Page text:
Impacts and Recovery from a Large Tsunami: Coasts of Aceh
P. P. Wong
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Department of Geography, National University of Singapore, 1 Arts Link, Singapore 117570, Singapore
Pol. J. Environ. Stud. 2009;18(1):5-16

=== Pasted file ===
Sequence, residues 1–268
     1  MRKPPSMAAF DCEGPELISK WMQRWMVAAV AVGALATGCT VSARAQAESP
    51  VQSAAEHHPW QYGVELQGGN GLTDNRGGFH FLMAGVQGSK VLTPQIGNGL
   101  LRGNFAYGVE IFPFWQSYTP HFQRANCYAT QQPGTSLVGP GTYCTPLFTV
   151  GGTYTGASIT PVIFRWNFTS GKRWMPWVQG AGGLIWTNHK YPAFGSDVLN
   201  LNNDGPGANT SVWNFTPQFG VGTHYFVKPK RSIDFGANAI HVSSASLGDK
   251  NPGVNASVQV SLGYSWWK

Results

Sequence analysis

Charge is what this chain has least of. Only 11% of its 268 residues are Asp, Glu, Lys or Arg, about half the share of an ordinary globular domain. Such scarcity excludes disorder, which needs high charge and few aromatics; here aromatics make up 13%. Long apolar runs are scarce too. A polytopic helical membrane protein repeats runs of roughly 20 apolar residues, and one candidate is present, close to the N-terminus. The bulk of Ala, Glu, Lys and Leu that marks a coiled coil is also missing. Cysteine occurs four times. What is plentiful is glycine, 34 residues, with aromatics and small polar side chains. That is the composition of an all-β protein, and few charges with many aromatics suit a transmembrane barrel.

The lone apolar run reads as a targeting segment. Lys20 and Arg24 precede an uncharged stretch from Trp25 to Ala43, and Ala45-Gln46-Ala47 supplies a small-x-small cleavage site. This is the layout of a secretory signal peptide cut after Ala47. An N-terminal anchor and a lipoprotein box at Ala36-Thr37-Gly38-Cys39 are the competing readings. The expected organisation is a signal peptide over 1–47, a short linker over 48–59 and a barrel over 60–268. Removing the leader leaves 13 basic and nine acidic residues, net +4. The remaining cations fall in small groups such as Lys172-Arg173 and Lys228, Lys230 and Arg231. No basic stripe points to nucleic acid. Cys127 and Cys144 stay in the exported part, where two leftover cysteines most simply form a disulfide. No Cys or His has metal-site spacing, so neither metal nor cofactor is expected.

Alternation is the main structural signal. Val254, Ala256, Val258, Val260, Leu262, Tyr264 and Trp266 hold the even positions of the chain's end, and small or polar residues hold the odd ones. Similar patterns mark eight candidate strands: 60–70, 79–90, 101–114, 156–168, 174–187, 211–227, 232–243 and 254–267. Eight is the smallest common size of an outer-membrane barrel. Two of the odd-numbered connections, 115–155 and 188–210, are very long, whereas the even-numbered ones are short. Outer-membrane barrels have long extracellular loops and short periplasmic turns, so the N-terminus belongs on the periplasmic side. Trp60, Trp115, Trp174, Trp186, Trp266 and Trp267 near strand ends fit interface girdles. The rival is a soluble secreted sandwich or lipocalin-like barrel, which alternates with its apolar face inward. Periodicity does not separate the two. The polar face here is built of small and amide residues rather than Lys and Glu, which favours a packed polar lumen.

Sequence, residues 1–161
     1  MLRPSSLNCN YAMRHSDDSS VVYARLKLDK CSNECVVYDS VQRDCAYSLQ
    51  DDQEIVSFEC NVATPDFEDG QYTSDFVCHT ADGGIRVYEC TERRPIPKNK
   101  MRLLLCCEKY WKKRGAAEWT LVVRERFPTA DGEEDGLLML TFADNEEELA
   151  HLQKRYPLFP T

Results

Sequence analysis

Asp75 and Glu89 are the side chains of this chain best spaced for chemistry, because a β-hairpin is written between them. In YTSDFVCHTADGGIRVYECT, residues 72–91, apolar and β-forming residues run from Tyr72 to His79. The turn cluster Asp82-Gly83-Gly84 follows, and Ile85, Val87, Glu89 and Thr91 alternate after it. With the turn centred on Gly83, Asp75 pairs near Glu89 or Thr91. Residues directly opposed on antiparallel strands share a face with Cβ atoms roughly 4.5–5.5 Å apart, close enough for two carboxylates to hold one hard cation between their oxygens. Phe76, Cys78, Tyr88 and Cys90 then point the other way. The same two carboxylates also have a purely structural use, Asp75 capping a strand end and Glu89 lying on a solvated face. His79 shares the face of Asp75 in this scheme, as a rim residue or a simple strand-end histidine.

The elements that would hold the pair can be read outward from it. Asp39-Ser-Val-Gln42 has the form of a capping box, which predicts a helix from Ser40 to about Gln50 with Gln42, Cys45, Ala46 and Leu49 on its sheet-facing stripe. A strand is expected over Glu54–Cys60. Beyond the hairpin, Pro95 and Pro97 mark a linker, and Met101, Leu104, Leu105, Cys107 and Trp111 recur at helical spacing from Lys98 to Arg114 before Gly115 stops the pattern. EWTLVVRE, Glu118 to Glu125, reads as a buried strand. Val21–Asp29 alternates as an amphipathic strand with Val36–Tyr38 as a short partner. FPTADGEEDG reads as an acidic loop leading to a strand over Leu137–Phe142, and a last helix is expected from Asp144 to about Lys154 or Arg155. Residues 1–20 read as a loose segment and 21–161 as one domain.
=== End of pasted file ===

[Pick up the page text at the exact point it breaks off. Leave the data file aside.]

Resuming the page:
The impacts of the 26th December 2004 Indian Ocean tsunami were examined on three separate coastal sectors in the west, north and east of Banda Aceh. The most vulnerable coasts are the soft coasts, such as mangroves, and the least vulnerable are the rocky headlands with the sandy coasts occupying a broad intermediate position. The extent of impact for each category of coasts appears to vary with the tsunami wave height and other characteristics. Coastal recovery was remarkably rapid, especially for sandy beaches. In some cases, foredunes returned to the coast. The impacts and recovery processes provide valuable lessons for coastal management, for example, in the replanting of mangroves and other coastal vegetation in the modified coastal environments and the questionable construction of seawalls on accreting coasts. In years to come, the tsunami impacts would disappear, except for modifications by human activities.
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